Oceanic Niño Index

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Recently, the US National Oceanic and Atmospheric Administration has predicted an 83% probability of the Oceanic Niño Index (ONI) transitioning to a neutral range by April-June 2024.

About Oceanic Niño Index

  • It is the National Oceanic and Atmospheric Administration’s (NOAA) primary indicator for monitoring the ocean part of the seasonal climate pattern called the El Niño-Southern Oscillation, or “ENSO”.
  • The ONI tracks the running 3-month averagesea surface temperatures in the east-central tropical Pacific between 120°-170°W, near the International Dateline, and whether they are warmer or cooler than average.
  • Index values of +0.5 or higher indicate El Niño and values of -0.5 or lower indicate La Niña.

What are El Nino and La Nina?

  • El Nino and La Nina are two opposing climate trends that deviate from the normal conditions and normally run nine to twelve months, but can often extend.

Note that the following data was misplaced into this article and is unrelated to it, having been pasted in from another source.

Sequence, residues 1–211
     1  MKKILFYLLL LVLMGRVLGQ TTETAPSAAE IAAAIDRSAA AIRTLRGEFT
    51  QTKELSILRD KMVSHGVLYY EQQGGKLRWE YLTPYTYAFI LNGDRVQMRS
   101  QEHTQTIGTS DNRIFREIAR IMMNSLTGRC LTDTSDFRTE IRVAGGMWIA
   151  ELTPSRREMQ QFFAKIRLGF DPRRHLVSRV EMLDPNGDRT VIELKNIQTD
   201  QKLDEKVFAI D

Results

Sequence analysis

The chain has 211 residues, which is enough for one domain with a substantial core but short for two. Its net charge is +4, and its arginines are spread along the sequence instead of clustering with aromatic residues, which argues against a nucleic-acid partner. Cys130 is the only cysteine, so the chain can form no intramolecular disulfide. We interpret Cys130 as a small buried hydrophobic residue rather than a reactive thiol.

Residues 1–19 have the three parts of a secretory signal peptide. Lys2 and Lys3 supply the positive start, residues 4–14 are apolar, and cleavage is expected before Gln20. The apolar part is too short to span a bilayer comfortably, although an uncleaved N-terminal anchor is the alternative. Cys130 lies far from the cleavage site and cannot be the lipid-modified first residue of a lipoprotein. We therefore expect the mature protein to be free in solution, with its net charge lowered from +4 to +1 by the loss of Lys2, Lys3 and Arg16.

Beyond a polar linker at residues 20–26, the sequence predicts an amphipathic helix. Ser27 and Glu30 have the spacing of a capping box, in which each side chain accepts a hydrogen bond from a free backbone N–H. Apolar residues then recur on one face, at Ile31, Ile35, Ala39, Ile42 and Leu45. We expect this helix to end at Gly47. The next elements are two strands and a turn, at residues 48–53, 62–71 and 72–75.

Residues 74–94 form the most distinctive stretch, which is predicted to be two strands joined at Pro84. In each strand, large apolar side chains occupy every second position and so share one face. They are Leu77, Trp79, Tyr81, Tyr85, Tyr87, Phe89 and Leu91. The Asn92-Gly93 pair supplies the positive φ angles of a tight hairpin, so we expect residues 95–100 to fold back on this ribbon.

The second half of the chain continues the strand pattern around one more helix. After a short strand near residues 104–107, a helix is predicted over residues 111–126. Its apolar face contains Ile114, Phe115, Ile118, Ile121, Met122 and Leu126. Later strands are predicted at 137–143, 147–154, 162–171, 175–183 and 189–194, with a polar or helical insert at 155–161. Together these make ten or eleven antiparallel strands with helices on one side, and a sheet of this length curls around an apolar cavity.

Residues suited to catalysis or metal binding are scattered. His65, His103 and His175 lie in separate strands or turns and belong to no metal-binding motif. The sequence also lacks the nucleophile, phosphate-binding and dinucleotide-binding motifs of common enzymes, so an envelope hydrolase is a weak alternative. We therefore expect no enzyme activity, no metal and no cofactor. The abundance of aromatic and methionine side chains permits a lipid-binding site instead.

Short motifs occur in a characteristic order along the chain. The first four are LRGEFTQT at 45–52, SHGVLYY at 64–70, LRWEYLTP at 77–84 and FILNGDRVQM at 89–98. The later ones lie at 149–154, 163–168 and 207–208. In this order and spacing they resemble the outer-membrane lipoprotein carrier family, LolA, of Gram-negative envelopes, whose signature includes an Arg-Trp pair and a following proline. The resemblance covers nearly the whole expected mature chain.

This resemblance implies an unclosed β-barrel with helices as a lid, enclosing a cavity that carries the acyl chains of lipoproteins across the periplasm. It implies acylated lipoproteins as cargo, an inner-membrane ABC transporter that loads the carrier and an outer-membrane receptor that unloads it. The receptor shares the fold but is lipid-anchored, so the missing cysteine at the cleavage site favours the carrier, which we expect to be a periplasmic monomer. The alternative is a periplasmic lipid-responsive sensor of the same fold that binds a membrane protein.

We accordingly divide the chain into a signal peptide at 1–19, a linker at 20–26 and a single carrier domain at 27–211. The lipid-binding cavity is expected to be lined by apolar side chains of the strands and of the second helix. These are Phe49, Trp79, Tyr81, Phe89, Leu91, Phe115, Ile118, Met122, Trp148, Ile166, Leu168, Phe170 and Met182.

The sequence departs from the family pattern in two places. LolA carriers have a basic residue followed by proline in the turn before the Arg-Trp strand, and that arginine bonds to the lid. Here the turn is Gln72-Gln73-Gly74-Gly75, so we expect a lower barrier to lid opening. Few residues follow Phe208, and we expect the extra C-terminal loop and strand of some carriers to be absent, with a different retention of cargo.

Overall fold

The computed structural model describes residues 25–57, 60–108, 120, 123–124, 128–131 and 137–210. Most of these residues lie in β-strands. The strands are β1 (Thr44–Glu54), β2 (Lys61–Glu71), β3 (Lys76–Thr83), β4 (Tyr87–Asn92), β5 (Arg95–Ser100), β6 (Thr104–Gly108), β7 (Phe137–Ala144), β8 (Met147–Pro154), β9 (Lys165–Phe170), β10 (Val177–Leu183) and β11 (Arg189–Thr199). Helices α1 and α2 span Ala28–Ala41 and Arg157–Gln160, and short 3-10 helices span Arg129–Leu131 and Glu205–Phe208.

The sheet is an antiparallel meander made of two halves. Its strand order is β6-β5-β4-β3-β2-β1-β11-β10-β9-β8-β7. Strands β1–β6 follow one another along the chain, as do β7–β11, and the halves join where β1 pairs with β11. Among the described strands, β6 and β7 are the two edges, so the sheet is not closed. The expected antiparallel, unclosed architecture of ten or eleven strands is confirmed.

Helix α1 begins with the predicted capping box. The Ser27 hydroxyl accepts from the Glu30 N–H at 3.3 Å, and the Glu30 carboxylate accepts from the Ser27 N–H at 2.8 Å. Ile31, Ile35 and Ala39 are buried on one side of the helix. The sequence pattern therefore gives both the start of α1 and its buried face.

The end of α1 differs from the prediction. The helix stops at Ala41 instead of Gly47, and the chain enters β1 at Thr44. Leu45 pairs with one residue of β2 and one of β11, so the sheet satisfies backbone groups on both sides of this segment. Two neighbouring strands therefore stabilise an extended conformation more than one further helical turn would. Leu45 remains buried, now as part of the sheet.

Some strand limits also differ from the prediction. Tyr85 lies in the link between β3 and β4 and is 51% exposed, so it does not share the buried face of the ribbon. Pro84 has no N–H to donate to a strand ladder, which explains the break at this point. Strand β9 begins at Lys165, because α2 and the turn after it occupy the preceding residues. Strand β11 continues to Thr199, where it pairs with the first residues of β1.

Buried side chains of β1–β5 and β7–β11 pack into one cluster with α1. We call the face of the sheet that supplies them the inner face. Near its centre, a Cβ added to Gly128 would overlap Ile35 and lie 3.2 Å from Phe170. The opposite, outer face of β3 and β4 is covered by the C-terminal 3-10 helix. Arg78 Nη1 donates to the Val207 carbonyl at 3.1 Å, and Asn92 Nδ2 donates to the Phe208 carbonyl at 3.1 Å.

• These events occur every two to seven years on average (El Nino is more frequent than La Nina), but not on a regular basis and together are referred to as the El Nino-Southern Oscillation (ENSO) cycle by scientists.
  • El Nino is typically known as the warm phase (a band of warmer water spreading from west to east in the equatorial Pacific Ocean) and La Nina is identified as the cold phase (a band of cooler water spreads east-west) of ENSO.
  • Both El Nino and La Nina can have global effects on weather, wildfires, ecosystems and economics.

Q1: What is Southern Annular Mode?

It is the north-south movement of Southern Westerly Winds over timescales of 10s to 100s of years. It is also known as the Antarctic Oscillation.They blow almost continuously in the mid- to high-latitudes of the southern hemisphere.

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